Cedars-Sinai Medical Center

medical staff pulse newsletter

Text size: A A A
A BI-WEEKLY PUBLICATION FROM THE CEDARS-SINAI CHIEF OF STAFF Nov. 22, 2013 | Archived Issues

Formulary Expanded; FDA Warns About Immune Globulins, Spinal Catheters, Cardiac Drugs

Pharmacy Focus

The Pharmacy and Therapeutics Committee added ticagrelor (Brilinta®) to the formulary and took other actions Oct. 1. Also, the U.S. Food and Drug Administration has cautioned about human immune globulin products, the use of spinal catheters in patients taking anticoagulants and two cardiac stress test agents.

» Read more


Meetings and Events


Grand Rounds

Click here to view upcoming grand rounds.


Upcoming CME Conferences

Click below to view a complete list of all scheduled Continuing Medical Education conferences.

CME Newsletter - November 2013 (PDF)

Share Your News

Won any awards or had an article accepted for publication? Share your news about professional achievements and other items of interest.

Click here to share your news

Physicians Test Experimental Regimen for Small Cell Lung Cancer Patients

Alain C. Mita, MD, is fighting an uphill battle against small cell lung cancer. Despite the severity of the disease, the standard-of-care treatment remains the same today as it was nearly 30 years ago.

Small cell lung cancer, which includes oat cell carcinoma, is a more aggressive disease than other types of lung cancer and often is more advanced at the time of diagnosis. Smoking is the most common cause, and the disease can be diagnosed even decades after an individual has quit smoking. At advanced stages, the disease is incurable in the vast majority of patients, with a median survival less than 12 months.

Mita said that following a diagnosis of small cell lung cancer, most patients opt for immediate chemotherapy using the standard-of-care chemotherapy drugs etoposide and cisplatin, both of which were developed more than three decades ago. This standard chemotherapy regimen responds well initially, many times putting patients into remission. But within months, most patients relapse.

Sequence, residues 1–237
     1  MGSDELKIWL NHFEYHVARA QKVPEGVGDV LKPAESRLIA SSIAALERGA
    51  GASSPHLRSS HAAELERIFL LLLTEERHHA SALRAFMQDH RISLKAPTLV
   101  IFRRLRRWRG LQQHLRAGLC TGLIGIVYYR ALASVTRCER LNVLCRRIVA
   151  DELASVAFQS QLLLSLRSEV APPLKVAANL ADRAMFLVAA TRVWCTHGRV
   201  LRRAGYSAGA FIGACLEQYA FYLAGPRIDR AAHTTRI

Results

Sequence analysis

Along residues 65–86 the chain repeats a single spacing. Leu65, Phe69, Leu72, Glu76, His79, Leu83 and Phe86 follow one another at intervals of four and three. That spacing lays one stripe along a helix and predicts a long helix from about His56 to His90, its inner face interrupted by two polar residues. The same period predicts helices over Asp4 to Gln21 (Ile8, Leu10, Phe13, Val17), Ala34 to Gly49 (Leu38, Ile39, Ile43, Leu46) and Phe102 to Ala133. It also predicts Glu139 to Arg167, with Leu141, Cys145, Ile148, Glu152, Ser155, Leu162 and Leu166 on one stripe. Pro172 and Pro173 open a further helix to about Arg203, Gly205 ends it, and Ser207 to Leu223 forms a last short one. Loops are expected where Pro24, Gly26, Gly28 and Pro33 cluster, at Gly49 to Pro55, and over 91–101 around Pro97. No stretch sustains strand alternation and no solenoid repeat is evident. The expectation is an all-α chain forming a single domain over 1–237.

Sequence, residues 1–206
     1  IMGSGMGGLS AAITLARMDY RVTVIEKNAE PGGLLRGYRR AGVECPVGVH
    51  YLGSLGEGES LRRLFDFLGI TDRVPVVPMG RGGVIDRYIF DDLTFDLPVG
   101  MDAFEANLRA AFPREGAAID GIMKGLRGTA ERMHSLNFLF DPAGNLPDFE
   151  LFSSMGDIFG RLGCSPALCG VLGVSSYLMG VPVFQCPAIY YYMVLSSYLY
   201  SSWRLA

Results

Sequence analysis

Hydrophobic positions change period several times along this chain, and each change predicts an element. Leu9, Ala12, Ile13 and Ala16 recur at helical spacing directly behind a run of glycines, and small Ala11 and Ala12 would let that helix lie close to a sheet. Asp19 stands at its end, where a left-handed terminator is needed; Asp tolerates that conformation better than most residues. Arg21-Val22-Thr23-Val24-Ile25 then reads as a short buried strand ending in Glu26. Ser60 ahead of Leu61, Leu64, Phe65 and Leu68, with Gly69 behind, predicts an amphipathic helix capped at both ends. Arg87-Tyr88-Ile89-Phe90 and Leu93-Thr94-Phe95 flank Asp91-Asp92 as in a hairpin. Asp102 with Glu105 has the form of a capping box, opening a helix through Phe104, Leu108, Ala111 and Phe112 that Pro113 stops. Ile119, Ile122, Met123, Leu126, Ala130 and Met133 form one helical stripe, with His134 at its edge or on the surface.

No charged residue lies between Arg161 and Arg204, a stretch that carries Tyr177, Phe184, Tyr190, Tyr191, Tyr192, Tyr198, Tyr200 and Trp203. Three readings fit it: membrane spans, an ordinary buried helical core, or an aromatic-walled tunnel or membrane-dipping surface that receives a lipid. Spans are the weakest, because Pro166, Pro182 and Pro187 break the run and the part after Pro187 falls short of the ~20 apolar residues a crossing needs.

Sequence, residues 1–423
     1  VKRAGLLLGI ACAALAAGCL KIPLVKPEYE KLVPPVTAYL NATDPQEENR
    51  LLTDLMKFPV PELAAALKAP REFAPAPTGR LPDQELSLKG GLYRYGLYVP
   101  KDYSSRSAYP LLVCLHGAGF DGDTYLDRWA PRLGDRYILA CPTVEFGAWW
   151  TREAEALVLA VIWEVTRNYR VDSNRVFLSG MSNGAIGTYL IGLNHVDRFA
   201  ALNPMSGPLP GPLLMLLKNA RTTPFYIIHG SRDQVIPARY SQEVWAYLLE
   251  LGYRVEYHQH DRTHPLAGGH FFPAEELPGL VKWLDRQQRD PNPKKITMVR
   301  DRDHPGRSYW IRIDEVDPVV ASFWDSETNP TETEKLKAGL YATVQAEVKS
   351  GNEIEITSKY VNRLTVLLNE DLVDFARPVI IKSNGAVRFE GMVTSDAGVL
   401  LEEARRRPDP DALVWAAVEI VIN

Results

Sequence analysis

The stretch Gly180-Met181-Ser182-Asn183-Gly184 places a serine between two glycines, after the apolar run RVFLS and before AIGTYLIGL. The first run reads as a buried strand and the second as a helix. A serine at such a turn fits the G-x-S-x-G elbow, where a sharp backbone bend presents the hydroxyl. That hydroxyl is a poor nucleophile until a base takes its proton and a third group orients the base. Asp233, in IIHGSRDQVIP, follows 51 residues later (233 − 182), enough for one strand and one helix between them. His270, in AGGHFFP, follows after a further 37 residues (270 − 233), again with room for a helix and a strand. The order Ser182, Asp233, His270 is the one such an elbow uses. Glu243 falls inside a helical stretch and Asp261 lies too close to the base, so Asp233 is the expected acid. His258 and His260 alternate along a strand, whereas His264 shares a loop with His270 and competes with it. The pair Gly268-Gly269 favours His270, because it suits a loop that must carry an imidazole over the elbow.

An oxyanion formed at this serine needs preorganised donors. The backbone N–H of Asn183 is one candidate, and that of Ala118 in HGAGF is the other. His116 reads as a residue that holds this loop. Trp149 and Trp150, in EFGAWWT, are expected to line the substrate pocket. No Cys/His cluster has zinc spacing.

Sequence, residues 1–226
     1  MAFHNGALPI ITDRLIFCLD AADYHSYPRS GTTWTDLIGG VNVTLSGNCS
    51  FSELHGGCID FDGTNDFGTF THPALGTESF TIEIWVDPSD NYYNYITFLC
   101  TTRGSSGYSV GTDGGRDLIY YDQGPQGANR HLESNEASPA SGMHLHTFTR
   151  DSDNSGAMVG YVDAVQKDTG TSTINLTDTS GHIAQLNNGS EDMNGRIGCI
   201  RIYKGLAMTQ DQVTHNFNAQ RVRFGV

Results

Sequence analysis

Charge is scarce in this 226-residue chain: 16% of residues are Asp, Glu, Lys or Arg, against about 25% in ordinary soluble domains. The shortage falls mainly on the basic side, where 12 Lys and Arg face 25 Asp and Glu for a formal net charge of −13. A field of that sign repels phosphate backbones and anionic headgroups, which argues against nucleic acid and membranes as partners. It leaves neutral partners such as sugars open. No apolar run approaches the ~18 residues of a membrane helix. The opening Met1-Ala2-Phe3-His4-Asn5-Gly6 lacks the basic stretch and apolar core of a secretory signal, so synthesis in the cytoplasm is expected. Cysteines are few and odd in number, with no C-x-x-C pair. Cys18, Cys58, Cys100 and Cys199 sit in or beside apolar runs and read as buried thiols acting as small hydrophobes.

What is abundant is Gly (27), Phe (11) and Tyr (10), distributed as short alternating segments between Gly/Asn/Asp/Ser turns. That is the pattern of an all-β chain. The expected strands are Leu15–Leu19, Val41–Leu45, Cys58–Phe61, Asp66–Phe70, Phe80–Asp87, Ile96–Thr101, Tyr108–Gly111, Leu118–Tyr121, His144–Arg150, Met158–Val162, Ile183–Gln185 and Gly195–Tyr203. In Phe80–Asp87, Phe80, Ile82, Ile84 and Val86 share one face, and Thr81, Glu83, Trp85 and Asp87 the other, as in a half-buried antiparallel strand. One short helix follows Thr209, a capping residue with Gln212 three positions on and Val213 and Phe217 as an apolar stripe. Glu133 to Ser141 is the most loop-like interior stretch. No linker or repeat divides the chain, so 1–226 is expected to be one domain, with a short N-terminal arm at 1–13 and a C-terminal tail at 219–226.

Today, a new Cedars-Sinai phase I-II clinical trial may improve treatment approaches and combat disease recurrence. But first, Mita needs to find patients to participate in the clinical trial.

"Our team of physician scientists is committed to advancing treatment options for patients diagnosed with small cell lung cancer and other types of lung disease," said Mita, co-director of the Experimental Therapeutics Program at the Cedars-Sinai Samuel Oschin Comprehensive Cancer Institute. "The eligibility criteria for this specific clinical trial can be a challenge, as patients must have no treatment history. Our team encourages patients and their treating physician to consider available clinical trials that include the combination of the standard of care and a novel agent."

The approach being tested in the clinical trial works by combining the standard-of-care chemotherapy with a NOTCH inhibitor (OMP-59R5), a targeted therapy designed to directly attack cancerous stem cells.

Patients interested in small cell lung cancer trials or other clinical trials at Cedars-Sinai may visit cancertrialinfo.csmc.edu or contact Jaime Richardson, RN, BSN, OCN, CCRP, clinical trial navigator at the Samuel Oschin Comprehensive Cancer Institute, at 310-423-2133 or cancer.trial.info@cshs.org.

Co-investigators include Monica Mita, MD, co-director of the Experimental Therapeutics Program, Ronald Natale, MD, medical director of the Clinical Lung Cancer Program, and Edward Wolin, MD, co-director of the Carcinoid and Neuroendocrine Tumor Program.

Study name: A phase Ib/II study of OMP-59R5 in combination with etoposide and cisplatin in subjects with untreated extensive stage small cell lung cancer.